Category Archives: Books

Creative Juice #213

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Creative Juice #213

A dozen articles to inspire you this weekend.

Creative Juice #212

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Creative Juice #212

I much prefer these uplifting, creative articles to the news these days.

Creative Juice #209

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Creative Juice #209

Some interesting stuff; some funny stuff; some deep stuff.

  • This one’s a little hard to look at. A sculptor made prosthetic masks for soldiers disfigured in World War I.
  • Can you stand any more Covid-19 jokes?
  • Many variations on the tangle Printemps.
  • How to machine-quilt a border with an S-curve ruler.
  • A prayer from 1968 that is so timely today.
  • Do you have books you read and reread multiple times? Me, too.
  • What if they had texting in Medieval times?
  • The truth about Meissen porcelain.
  • A professional watercolorist’s life.
  • Spiritual director Marsha Crockett’s journal provides guided meditations and contemplative helps. You can also follow her on Instagram.
  • One of my favorite artists painted a lovely portrait of Ruth Bader Ginsberg and paired it with a poetic tribute.
  • I’ve read some of these books (and they were great) and seen rave reviews of others. Anyway, if you don’t know what to read next, maybe pick something off this list.

Creative Juice #207

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Creative Juice #207

Excellence in creativity:

  • A wonderful quilt show from a few years ago.
  • Zentangle meets lettering.
  • More than 40 years ago, my hubby and I used to scuba dive. The most exciting things we ever saw underwater were lobster, which Greg captured and we took home to eat. Click on the link to see some even more awesome sights.
  • Cleaning out Grandpa’s house? Don’t you dare toss those old snapshots without looking at them.
  • I don’t think I’ve ever seen these Picassos before. They are not what I would have expected.
  • The writers will get this.
  • They don’t make cars like this anymore.
  • I enjoy this artist’s Instagram page.
  • I wish I’d sketched my kids when they were small. How precious those pictures would be.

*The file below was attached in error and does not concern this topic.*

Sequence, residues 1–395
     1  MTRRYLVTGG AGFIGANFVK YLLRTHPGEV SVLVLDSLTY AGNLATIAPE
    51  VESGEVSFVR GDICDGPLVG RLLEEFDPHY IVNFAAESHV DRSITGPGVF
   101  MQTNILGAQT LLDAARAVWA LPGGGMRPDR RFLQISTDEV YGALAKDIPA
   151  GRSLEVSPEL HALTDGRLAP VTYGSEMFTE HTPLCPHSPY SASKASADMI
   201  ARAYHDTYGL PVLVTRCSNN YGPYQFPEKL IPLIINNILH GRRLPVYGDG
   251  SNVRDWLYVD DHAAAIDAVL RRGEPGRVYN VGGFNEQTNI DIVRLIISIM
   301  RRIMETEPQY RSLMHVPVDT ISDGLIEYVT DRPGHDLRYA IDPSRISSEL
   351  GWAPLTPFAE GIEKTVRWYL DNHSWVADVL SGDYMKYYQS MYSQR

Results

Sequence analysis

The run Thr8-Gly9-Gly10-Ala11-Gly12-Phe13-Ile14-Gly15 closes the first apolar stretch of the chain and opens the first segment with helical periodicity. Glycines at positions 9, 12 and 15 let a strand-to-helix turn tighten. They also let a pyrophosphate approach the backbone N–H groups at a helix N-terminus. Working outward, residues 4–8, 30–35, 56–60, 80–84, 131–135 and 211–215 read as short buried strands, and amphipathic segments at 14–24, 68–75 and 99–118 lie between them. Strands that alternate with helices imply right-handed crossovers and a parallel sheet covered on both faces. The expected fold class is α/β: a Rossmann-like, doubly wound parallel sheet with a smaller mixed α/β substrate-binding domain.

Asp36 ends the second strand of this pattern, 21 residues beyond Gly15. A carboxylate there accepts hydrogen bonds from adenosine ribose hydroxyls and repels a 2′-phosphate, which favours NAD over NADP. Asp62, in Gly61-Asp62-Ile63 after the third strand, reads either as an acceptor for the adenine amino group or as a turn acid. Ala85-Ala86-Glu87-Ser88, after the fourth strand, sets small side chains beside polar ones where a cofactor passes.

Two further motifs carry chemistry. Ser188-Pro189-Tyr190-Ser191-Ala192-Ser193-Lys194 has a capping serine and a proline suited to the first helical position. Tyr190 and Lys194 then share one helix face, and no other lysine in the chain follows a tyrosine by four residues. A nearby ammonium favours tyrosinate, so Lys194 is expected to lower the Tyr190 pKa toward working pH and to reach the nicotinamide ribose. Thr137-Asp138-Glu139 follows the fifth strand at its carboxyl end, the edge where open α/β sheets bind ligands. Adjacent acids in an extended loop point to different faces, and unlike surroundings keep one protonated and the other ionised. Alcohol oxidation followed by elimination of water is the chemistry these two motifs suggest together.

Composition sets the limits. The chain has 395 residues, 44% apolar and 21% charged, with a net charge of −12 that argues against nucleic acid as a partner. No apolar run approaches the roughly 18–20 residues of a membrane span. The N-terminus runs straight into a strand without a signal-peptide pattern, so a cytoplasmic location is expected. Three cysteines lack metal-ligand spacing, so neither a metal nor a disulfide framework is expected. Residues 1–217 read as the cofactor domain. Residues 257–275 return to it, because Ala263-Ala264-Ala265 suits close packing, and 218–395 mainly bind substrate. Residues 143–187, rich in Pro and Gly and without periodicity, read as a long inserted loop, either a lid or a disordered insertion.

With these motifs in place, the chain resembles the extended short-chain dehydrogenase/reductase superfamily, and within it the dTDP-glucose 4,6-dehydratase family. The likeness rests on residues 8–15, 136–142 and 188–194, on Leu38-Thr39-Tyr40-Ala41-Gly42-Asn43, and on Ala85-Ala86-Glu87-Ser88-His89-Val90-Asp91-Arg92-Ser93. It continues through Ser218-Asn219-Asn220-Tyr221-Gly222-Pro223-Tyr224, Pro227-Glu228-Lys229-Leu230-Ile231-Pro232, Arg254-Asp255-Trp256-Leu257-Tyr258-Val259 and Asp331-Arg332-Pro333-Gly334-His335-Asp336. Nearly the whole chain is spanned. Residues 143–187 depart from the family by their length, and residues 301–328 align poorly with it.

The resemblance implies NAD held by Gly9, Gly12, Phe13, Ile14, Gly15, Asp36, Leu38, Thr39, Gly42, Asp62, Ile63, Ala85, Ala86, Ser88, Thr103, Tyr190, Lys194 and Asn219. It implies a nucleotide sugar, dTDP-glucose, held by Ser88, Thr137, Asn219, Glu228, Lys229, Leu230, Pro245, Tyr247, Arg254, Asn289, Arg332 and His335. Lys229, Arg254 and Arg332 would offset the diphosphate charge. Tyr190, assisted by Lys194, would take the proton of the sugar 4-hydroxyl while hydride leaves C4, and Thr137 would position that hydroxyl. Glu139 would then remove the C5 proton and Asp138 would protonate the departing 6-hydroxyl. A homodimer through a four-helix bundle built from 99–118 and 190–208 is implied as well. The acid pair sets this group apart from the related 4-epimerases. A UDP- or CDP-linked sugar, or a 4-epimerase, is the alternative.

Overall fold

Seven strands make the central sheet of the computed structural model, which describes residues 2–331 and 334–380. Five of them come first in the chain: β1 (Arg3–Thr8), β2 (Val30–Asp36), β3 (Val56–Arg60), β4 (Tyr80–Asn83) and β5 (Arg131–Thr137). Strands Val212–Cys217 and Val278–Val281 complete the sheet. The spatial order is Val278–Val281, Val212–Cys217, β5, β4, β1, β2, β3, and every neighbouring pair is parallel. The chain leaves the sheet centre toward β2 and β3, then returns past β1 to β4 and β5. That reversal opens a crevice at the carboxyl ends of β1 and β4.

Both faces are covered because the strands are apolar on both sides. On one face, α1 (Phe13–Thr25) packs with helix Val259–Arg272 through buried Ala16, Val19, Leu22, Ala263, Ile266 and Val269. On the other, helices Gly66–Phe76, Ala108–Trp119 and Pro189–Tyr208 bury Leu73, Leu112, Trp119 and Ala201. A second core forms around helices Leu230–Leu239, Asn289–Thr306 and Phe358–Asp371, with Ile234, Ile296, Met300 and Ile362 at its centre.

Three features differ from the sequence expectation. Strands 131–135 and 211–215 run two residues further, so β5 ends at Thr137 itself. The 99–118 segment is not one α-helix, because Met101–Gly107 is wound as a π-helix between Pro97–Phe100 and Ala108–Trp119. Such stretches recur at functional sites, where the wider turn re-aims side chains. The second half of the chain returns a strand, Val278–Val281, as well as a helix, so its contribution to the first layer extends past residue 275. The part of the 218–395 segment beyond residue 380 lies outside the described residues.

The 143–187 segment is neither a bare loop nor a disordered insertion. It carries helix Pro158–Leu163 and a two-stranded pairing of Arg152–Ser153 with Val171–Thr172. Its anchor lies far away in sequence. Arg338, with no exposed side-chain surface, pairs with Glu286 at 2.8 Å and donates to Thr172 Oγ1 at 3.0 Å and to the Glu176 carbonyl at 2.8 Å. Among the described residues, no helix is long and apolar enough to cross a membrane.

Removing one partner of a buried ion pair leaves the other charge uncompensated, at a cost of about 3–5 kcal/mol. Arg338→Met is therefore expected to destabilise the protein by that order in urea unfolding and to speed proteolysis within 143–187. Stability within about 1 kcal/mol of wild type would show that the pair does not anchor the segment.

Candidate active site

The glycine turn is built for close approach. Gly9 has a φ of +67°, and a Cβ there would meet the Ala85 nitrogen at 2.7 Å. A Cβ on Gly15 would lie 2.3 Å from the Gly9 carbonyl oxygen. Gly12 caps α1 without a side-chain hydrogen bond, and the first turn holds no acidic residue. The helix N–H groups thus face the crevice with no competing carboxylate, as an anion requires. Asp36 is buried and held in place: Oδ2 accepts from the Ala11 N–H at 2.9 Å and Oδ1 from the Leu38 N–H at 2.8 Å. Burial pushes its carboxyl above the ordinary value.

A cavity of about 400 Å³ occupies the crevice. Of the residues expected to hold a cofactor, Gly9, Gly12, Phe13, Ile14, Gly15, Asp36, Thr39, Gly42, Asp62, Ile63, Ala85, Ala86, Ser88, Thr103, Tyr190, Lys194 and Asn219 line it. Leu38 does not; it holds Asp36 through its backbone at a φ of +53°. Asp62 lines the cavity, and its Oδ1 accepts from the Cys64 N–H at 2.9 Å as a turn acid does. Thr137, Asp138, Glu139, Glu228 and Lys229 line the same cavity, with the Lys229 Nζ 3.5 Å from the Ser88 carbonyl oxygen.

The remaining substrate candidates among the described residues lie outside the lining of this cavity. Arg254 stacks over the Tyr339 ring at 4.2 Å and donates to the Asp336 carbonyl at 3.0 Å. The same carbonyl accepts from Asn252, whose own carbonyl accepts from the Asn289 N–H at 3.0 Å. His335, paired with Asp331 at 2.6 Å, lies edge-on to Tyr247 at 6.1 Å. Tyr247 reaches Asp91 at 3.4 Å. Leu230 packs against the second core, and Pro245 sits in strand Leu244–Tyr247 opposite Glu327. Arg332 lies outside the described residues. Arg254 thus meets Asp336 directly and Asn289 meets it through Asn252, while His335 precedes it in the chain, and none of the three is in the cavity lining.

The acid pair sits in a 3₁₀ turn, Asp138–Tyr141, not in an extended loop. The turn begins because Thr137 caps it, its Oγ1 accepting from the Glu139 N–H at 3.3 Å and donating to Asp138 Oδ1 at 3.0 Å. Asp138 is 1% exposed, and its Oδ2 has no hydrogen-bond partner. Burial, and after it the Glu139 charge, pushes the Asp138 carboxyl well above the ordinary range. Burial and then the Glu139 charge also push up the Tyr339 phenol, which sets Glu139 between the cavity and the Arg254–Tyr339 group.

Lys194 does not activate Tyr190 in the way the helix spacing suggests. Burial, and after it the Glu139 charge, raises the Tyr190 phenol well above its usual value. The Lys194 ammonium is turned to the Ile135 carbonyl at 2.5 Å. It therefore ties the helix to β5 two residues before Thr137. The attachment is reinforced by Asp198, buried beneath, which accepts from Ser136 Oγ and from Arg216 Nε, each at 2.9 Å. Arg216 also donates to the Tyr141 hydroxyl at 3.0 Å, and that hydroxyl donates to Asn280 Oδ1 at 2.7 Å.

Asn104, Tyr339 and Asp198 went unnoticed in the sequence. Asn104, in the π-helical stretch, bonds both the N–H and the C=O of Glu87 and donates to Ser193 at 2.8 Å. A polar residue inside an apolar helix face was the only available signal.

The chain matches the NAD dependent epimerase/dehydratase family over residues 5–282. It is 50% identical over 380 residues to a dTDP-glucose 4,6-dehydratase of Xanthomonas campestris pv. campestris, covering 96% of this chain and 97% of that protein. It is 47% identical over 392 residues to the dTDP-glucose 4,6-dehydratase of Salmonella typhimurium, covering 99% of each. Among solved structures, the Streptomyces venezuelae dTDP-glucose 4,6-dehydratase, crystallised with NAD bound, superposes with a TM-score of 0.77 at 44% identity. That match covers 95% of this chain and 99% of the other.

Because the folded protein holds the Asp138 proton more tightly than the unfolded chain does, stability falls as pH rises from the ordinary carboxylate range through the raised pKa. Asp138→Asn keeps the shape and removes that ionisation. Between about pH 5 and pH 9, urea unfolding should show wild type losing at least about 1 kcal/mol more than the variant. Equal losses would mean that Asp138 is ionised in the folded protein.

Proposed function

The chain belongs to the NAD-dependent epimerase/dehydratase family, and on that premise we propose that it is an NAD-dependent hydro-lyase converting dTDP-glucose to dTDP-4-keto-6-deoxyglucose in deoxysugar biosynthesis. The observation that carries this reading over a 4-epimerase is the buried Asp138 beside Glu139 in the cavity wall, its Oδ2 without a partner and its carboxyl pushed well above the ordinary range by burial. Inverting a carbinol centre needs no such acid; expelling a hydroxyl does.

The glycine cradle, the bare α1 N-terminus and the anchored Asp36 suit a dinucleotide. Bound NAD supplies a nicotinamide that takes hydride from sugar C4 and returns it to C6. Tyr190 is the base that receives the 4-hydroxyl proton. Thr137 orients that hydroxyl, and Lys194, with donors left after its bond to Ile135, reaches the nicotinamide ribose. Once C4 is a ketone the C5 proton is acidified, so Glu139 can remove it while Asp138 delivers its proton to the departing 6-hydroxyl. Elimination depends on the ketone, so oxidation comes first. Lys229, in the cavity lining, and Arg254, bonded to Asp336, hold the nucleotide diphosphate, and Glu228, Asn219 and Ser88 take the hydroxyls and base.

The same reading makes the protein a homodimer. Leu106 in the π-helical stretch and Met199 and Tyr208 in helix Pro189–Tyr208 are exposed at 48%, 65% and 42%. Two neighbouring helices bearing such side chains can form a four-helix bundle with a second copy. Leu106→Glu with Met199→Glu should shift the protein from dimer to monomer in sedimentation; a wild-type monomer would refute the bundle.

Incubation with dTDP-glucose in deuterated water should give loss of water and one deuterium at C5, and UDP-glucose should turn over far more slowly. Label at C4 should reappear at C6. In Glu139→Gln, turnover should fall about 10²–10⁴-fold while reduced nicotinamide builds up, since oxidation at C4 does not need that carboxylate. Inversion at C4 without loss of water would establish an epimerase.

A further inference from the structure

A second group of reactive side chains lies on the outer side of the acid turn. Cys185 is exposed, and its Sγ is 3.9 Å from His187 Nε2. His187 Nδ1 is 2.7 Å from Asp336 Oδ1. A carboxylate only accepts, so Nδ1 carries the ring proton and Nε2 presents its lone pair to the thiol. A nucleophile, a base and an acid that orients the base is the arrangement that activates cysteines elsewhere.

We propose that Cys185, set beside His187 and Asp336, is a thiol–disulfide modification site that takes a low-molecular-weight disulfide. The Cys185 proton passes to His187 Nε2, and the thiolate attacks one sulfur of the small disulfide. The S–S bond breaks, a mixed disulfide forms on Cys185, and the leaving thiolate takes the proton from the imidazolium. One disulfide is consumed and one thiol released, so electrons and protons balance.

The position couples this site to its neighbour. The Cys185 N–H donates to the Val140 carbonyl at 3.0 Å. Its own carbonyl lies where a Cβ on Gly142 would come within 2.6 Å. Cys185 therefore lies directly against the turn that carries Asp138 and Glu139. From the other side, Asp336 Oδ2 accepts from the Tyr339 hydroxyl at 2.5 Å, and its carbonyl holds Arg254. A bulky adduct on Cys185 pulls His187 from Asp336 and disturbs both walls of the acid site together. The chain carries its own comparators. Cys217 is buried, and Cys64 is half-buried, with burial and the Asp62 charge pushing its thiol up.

• If you like a little science or technology with your romance, you might like these books.
  • You’ve never seen insects fly like this.
  • Are tiles low art?

Creative Juice #205

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Creative Juice #205

Lots of pretty stuff here.

  • Do you love hamsters? Then you must follow this artist on Instagram.
  • If 100 of you each want to chip in $4 to buy me this dragon, I won’t stop you.
  • Beautiful star quilt.
  • Books have the power to change people; people have the power to change the world. As for me, The Hate U Give woke me up to white privilege, something I thought didn’t apply to me.
  • Super-realistic drawings done in colored pencil.
  • I love every one of these reading nooks, but my favorites are the ones where you can look out the window at a beautiful view.
  • Interesting zentangle project.
  • Award-winning photos people took with their iPhones.
  • This free mandala-drawing class looks like it will be fun.
  • This article is especially for elementary general music teachers, but if you like music, you might find it very enjoyable.
  • I know I should be doing this. But, somehow, I’m not.
  • This watercolor artist was in her fifties before she began taking her art seriously.

Creative Juice #204

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Creative Juice #204

 

Interesting stuff this week:

Creative Juice #203

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Creative Juice #203

 

Beautiful things to look at, and ideas that will help you boost your own creativity.

  • Sculptures made from discarded metal.
  • Murals that incorporate their surroundings.
  • A clue may shed light on Vincent Van Gogh’s last days.
  • The hundred best books of the last twenty years. I’ve read maybe ten of these; they were all good except for one which I can’t remember. One more is in my TBR pile. Most of these I’ve never even heard of.
  • I love this artist’s Instagram page.
  • Rebellious nuns.
  • Are you living the dream? Why not?
  • A little city of zentangled architecture.
  • Free summer-themed quilt patterns.
  • Wonderful photos of scenes in Saigon—and each one includes at least one motorbike.
  • I have long loved Grant Snider’s Incidental Comics. This article explains his process for a recent book cover he illustrated.
  • Admit it—you’ve been thinking about starting your own podcast. How hard is it, really? Read this article to find out.

Creative Juice #198